Reader's Advisory, YA Posts

Book Review: Uglies

Highly Recommended

First published in 2005, Uglies is the first installment of a New York Times bestselling series, written by Scott Westerfeld. Uglies is narrated by Tally Youngblood, a teenage girl who lives in three hundred years in the future. In Tally’s society, when teenagers reach their sixteenth birthday, they are transformed by cosmetic surgery to be beautiful. After their surgery, the teens move to a new city, where they live without responsibilities or obligations. As the novel unfolds, Tally discovers that the operation, and the life you lead after it, isn’t as perfect as it seems.

The story asks important questions about friendship, bullying, and the socially constructed idea of beauty. It has opened up interesting conversations about using cosmetic surgery to alter your appearance. As a dystopia, the story also engages readers to think about political power and control, as well as privacy in the modern age. Westerfeld uses simple, obvious names to clearly incorporate dystopic and futuristic elements, using names like ‘Pretty New Town’ and ‘Uglyville’. He carefully describes futuristic inventions like toothbrush pills and hoverboards, making the world of the books easily accessible.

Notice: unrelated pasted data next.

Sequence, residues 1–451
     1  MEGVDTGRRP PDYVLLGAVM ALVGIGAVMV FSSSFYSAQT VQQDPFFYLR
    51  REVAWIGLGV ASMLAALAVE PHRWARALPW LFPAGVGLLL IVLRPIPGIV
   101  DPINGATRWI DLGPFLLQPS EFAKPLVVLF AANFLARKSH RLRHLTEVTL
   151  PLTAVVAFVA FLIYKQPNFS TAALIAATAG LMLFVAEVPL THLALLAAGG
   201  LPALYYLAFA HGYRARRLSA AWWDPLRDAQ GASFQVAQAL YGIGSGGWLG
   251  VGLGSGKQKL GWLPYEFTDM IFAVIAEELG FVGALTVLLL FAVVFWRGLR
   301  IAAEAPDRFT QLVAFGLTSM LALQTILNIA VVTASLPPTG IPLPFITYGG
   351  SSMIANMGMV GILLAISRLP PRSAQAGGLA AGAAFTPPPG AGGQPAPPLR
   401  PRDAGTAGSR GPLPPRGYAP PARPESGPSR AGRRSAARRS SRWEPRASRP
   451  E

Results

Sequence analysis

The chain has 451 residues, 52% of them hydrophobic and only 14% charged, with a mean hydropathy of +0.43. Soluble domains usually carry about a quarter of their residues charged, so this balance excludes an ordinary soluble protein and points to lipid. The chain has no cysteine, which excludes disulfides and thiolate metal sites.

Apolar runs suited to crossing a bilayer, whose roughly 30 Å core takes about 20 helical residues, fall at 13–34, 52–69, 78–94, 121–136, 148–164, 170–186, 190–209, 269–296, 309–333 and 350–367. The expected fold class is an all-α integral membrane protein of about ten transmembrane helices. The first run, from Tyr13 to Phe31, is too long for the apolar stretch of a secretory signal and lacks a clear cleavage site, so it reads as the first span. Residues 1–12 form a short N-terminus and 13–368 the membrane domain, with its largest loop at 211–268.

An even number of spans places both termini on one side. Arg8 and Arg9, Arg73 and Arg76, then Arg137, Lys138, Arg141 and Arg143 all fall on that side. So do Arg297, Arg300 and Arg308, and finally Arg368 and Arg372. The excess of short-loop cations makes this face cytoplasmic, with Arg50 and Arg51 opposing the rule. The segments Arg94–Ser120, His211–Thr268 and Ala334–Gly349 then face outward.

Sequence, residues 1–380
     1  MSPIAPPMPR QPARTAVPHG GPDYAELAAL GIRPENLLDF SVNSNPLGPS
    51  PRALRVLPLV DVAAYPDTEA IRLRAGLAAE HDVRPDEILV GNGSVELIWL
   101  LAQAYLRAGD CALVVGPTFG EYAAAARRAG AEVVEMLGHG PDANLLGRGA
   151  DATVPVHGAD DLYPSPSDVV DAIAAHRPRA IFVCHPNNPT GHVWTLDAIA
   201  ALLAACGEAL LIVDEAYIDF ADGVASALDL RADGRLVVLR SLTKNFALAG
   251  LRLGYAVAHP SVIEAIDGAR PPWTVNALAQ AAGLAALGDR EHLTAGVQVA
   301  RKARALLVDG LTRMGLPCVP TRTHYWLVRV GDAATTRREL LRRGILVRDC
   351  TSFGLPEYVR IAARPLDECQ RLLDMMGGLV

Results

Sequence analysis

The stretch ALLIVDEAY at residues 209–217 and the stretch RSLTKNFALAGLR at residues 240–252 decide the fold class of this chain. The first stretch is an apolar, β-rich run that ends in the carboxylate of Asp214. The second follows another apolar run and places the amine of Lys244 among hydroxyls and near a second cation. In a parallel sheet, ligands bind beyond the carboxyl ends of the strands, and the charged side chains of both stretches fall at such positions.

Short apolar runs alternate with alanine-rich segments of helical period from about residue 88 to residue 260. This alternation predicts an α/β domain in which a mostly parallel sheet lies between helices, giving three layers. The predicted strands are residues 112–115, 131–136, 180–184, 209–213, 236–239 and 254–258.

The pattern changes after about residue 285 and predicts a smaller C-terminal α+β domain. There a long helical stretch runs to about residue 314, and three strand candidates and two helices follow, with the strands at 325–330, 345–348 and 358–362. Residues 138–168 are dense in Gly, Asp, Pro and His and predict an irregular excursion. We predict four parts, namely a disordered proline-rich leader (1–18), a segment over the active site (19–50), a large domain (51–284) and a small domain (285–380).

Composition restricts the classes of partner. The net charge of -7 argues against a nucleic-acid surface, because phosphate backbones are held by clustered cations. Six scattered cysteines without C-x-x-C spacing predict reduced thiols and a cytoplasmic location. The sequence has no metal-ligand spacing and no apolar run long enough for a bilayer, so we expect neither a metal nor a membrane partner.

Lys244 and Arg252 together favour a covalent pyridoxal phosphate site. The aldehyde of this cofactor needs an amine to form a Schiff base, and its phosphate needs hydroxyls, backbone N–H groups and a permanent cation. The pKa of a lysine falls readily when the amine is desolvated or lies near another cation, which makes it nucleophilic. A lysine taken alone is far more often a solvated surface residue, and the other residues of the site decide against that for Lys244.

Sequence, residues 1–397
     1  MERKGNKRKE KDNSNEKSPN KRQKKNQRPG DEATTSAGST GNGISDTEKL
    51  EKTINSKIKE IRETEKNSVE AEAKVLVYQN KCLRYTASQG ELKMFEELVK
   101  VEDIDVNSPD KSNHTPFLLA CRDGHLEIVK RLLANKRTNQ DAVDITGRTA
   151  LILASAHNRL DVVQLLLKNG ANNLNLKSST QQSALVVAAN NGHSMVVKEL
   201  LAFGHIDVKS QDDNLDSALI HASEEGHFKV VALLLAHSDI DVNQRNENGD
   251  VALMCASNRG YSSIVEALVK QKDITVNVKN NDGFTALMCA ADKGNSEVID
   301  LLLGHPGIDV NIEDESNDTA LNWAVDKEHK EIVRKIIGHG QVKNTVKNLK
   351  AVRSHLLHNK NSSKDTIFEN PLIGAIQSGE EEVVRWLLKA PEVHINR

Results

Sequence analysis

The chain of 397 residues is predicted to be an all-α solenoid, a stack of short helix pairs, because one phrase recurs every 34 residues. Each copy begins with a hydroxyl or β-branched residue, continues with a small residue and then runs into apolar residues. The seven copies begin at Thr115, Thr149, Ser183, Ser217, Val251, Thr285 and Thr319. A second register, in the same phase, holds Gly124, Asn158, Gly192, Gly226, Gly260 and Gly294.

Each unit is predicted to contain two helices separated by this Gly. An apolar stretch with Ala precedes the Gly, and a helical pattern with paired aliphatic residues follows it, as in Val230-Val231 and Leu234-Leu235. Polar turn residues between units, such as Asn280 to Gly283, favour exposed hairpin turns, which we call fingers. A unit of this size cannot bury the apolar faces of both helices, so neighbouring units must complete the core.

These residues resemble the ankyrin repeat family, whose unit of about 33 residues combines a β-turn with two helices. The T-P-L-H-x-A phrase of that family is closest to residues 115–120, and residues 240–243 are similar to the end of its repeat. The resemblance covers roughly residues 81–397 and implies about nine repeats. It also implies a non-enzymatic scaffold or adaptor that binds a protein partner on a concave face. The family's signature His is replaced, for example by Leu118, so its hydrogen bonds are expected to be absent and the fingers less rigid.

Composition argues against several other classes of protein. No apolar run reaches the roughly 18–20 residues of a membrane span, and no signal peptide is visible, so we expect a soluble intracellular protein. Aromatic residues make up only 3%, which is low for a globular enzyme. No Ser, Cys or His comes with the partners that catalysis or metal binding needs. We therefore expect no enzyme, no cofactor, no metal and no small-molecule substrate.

Shorter chapters may make this book appealing for reluctant or slower readers. The fact that this book is part of a popular series is another important appeal factor for many young adult readers. The covers on the 2011 editions on the series feature close-ups of female body parts and a delicate font, meaning that the books may appeal more to female readers than male.

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